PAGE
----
Minnesota Flyer - Serving Midwest Aviation Since 1960

Airport of the Month

 

Photo courtesy of the City of Hawley

In the spring of 1876, George Armstrong Custer was returning to Fort Abraham Lincoln after meeting with General Alfred Terry at Fort Snelling. He stopped in Hawley, possibly because another officer in the 7th Cavalry Regiment (Marcus Reno) had a cousin supervising railroad construction in the area. Incidentally, "Reno's Camp" was the first of six names the town had between 1871 and 1874. Custer went on to fame and notoriety at the Little Big Horn that sum- mer. Hawley grew into one of the most prosperous towns in northwestern Minnesota.

It was Thomas Hawley Canfield who gave the place its permanent name, most likely making it the only City in Minnesota that uses somebody's middle name. Canfield was a director of the Northern Pacific Railroad, who just happened to be picking names for stations along the line.

None of that has anything to do with aviation, except the Hawley Municipal Airport is a big factor in the town's suc- cess. The Airport was constructed in stag- es beginning in 1971 and ending with its dedication on June 1, 1975. Its 3400 foot- long paved and lighted runway will accommodate most General Aviation air- craft.

There's RNAV/GPS approaches for days when the weather isn't too great, and Precision Approach Path Indicators (PAPI) for visual glide slope guidance. A nice arrival/departure building offers meeting space and flight planning. Aviation gas is available. Fueling is self-service. The airport is popular. Thirty three aircraft are based there.

Hawley also has some interesting avi- ation history. John Wastvedt was born in Hawley. He was drawn to the flying busi- ness by the exploits of Charles Lindberg. John graduated from Hawley High School in 1940 and joined the Marines in 1941. He flew the famous F4U "Corsair" in the Pacific campaigns, including Iwo Jima.

After the War, he earned a degree in Aeronautical Engineering. He spent 30 years with Honeywell. In the 1980's Mr. Wastvedt became well known for his achievements in aerobatics, soaring, and as an FAA Designated Flight Examiner. He was a founding member of the Minnesota Soaring Club at Stanton Airport, and a 2014 inductee of the Minnesota Aviation Hall of Fame.

In 2006 a group of local businesses decided Hawley should advertise its high quality of life. The campaign started with the slogan "Hawley would be a great place for you." The slogan eventually morphed into a homophone for "Hollywood," "Hawleywould" and a web site, HawleyWould.com. Among other things, the web site tells you all the advantages of doing business in Hawley.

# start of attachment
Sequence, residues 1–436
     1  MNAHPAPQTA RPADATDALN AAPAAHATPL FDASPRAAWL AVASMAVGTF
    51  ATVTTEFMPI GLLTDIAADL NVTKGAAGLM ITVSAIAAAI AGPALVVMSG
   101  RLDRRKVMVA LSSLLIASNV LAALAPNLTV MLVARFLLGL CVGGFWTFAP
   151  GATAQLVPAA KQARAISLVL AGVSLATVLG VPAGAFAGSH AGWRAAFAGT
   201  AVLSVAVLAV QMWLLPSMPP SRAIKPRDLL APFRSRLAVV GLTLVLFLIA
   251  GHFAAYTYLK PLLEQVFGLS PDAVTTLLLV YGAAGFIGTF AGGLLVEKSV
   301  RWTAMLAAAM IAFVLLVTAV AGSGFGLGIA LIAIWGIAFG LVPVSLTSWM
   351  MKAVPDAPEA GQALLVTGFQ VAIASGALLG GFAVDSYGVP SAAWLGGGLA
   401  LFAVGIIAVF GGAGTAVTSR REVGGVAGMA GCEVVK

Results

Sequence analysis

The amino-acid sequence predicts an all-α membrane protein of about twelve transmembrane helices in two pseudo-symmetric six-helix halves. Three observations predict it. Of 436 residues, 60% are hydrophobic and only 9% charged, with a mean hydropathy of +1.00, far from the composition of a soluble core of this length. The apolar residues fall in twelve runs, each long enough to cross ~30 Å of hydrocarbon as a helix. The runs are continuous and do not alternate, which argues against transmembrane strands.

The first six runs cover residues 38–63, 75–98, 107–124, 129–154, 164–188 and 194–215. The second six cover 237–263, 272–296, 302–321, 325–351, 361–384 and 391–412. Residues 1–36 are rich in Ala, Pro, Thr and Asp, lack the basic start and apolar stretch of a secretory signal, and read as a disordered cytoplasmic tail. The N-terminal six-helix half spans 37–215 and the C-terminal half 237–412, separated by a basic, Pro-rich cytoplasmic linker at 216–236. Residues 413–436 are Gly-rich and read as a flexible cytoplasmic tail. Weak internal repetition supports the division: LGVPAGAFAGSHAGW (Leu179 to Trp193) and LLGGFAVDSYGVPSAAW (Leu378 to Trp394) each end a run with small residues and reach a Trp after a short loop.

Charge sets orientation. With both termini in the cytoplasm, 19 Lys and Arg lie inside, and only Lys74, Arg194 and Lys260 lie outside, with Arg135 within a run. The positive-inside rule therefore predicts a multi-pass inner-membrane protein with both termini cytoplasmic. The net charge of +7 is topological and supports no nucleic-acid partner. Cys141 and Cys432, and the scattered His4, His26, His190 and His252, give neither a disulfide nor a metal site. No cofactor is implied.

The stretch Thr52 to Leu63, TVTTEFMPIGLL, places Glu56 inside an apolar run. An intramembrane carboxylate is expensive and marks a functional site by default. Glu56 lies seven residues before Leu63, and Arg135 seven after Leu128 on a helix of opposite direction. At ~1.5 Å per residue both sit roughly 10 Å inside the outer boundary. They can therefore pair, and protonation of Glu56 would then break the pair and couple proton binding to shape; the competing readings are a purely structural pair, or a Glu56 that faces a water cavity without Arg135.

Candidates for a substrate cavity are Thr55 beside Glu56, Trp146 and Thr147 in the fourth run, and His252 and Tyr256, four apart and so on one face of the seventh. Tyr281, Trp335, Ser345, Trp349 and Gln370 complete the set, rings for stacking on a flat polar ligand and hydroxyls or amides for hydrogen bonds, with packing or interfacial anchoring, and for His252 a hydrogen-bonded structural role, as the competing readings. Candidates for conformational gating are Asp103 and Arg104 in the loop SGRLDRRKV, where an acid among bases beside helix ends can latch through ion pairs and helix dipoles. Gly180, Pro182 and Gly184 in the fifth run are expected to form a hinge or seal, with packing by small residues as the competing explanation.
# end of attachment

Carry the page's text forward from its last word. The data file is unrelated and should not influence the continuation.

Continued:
Maybe the homophone isn't that funny, but it worked. Hawley became even more successful. The place is a model for com- munities in rural America. In 2014 alone the city secured over $11 million in new commercial and industrial development. Not bad for a town with a population of about 2100. Local folks are quick to acknowledge how much of an asset a top quality general airport can be for attract- ing new business and a quality work force.

Hawley's big entertainment event is the annual rodeo that happens early in June. There's a whole week of fun called "Rodeo Fest" that ends with the actual competition. The schedule includes lots of eating events and a kiddie parade. There's often a 5K walk or run, car shows, street fairs, and horseshoe tourna-

Photos courtesy of the City of Hawley

ments. It must be a good time, because the Hawley Rodeo has been held every year since 1959 and is always well attend- ed.

Photo courtesy of the City of Hawley

Buffalo Crossing was the second name for Hawley. The town site is where the railroad crosses the Buffalo River. The waterway is a major feature of the local scenery. An eighteen-hole golf course and country club are located along the river. For those who prefer to go for a walk without the frustration of golfing, there are plenty of trails for hiking, or biking if you'd rather ride. The City of Hawley also has 11 public parks. Buffalo River State Park is also nearby.

After Reno's Camp and Buffalo Crossing, the town's next two names were "Muskoday," then, "Bethel." Mr. Canfield got it named Hawley after that, but for some reason, it got changed to "Yeovil," then back to Hawley for keeps. Incidentally, Muskoday is a Native American name, and Yeovil is a town in England.

No matter what it's called, Hawley in the 21st Century is a great place to visit. Business might be the main motivation to fly there, but it could be worth the trip just for the fun of it.

 

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